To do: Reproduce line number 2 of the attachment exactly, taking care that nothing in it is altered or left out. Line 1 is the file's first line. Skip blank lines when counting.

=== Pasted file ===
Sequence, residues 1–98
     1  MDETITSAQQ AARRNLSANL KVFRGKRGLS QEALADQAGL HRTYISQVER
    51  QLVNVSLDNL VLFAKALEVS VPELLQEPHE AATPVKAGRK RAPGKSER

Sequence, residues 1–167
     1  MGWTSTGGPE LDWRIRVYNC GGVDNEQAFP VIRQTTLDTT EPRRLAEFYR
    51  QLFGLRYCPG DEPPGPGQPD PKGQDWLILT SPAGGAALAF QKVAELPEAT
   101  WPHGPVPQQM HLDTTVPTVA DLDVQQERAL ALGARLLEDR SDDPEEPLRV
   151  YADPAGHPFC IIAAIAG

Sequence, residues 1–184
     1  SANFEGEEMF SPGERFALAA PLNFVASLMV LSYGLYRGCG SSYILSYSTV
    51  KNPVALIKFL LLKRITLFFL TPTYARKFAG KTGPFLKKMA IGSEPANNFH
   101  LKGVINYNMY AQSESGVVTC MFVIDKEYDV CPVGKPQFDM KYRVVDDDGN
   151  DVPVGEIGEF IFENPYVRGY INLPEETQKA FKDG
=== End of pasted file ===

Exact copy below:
     1  MDETITSAQQ AARRNLSANL KVFRGKRGLS QEALADQAGL HRTYISQVER